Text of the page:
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Case report
Necrotising enterocolitis in a newborn infant treated with octreotide for chylous effusion: is octreotide safe?
  1. Suresh Chandran1,2,3,4,
  2. Arpan Agarwal1,2,3,
  3. Genevieve Villablanca Llanora1 and
  4. Mei Chien Chua1,2,3,4
  1. 1Department of Neonatology, KK Women's and Children's Hospital, Singapore
  2. 2Department of Neonatology, Duke NUS Medical School, Singapore
  3. 3Department of Neonatology, NUS Yong Loo Lin School of Medicine, Singapore
  4. 4Department of Neonatology, Lee Kong Chian School of Medicine, Singapore
  1. Correspondence to Professor Suresh Chandran; profschandran2019{at}gmail.com

Abstract

Octreotide is a somatostatin analogue used for treating congenital chylothorax and congenital hyperinsulinism in infants. By increasing splanchnic arteriolar resistance and decreasing gastrointestinal blood flow, octreotide indirectly reduces lymphatic flow in chylous effusions.

Splanchnic ischaemia following octreotide predisposes infants to necrotising enterocolitis (NEC). Although NEC occurrence in infants treated with octreotide for hyperinsulinaemic hypoglycaemia has been reported widely, its incidence in infants with chylothroax is low. We describe a case of congenital chylothorax in a preterm infant who had poor response to thoracentesis. Although octreotide initiation lead to resolution of chylothorax, he developed NEC. Cessation of octreotide and medical management resulted in rapid resolution of NEC. Since octreotide is generally used as the first-line treatment for chylous effusion, the risk of NEC should be considered, especially when the dosage is increased. Infants on octreotide should be closely observed for early signs and symptoms of NEC to avert surgical emergency.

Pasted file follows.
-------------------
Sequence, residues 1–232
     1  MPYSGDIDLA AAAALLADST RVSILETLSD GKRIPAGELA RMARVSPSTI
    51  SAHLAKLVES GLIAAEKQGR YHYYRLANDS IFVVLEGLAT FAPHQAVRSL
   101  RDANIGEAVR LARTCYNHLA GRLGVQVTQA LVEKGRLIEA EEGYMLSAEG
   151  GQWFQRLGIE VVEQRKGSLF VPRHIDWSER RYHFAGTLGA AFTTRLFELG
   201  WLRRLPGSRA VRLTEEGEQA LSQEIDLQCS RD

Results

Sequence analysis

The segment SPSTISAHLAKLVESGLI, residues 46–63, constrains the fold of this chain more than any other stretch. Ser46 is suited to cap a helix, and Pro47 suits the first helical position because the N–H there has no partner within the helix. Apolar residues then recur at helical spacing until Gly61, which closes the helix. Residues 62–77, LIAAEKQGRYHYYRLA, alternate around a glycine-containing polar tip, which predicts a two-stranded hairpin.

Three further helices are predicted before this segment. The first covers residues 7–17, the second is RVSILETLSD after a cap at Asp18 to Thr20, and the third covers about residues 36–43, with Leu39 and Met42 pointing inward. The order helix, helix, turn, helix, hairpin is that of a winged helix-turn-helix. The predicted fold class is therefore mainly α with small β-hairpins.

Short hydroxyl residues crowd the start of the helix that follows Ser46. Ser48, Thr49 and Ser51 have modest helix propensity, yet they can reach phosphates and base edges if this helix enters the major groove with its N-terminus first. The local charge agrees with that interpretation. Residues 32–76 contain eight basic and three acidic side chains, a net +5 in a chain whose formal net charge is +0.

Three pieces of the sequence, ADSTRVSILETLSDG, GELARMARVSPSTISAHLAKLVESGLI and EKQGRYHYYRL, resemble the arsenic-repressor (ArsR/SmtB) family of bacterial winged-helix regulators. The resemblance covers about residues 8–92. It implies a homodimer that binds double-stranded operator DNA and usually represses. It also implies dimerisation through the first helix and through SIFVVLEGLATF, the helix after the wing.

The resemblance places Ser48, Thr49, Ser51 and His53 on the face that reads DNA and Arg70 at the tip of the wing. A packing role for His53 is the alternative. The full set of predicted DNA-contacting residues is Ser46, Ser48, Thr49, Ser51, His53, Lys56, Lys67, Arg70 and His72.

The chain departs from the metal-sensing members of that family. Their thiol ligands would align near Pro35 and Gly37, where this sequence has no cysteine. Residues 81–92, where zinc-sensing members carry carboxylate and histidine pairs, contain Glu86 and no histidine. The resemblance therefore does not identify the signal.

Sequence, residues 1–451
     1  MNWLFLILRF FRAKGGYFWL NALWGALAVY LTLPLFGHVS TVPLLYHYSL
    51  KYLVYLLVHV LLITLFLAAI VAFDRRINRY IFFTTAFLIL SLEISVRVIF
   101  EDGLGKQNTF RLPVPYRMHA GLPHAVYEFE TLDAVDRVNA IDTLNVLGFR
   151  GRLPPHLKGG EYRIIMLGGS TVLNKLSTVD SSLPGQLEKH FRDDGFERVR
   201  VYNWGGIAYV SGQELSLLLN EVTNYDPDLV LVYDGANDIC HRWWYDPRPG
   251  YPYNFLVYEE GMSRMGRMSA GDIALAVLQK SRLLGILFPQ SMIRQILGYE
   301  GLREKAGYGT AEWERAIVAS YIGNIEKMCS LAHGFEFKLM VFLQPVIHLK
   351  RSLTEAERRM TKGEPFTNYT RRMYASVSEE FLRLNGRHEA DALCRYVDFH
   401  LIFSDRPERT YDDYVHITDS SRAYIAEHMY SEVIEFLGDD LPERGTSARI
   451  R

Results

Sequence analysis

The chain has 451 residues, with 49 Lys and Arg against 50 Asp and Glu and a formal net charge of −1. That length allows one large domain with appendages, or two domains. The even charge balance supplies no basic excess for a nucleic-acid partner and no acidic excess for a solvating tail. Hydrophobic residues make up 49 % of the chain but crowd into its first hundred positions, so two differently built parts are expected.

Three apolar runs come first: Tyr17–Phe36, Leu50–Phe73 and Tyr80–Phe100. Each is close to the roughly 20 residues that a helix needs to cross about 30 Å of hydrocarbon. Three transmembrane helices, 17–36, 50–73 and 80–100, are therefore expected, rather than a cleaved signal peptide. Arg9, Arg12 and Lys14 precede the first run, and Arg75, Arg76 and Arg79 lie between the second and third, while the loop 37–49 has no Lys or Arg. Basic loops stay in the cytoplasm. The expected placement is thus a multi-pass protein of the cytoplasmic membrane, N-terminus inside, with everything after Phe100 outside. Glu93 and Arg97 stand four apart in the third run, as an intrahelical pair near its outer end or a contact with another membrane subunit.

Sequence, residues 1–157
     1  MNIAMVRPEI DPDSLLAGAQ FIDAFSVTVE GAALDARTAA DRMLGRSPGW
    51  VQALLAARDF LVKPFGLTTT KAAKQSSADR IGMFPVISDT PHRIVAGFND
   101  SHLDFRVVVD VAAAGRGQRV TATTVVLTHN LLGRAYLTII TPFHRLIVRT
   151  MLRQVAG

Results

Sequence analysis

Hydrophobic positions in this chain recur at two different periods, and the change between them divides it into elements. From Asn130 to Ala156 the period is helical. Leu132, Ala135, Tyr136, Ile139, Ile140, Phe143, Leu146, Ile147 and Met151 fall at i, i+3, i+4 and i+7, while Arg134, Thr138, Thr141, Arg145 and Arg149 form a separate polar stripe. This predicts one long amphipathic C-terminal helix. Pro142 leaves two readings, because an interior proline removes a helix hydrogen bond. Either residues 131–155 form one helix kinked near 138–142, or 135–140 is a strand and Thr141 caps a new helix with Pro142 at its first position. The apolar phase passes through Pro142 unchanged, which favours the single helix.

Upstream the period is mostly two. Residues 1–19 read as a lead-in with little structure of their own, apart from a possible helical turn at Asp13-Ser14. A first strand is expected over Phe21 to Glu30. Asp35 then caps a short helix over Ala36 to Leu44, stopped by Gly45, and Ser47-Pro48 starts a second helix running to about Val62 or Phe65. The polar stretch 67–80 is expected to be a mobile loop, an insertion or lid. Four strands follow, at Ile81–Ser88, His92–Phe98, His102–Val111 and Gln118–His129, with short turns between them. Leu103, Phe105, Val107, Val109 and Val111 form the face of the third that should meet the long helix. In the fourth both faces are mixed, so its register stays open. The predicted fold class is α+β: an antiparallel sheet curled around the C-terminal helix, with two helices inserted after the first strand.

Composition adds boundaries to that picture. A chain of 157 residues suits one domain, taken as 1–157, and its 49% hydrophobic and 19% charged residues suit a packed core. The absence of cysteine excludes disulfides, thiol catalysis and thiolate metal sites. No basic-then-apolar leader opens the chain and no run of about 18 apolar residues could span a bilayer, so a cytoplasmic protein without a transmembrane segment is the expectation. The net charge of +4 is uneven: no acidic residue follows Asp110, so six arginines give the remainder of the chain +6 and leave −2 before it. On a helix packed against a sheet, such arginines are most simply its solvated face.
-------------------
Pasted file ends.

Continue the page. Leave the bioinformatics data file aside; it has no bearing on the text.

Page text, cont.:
• congenital disorders
  • gastrointestinal system
  • safety
  • unwanted effects / adverse reactions
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Footnotes

  • Contributors AA and GVL: manuscript preparation and literature review. SC and CMC: manuscript preparation, literature review and finalisation of the manuscript.

  • Funding The authors have not declared a specific grant for this research from any funding agency in the public, commercial or not-for-profit sectors.

  • Competing interests None declared.

  • Patient consent for publication Parental/guardian consent obtained.

  • Provenance and peer review Not commissioned; externally peer reviewed.

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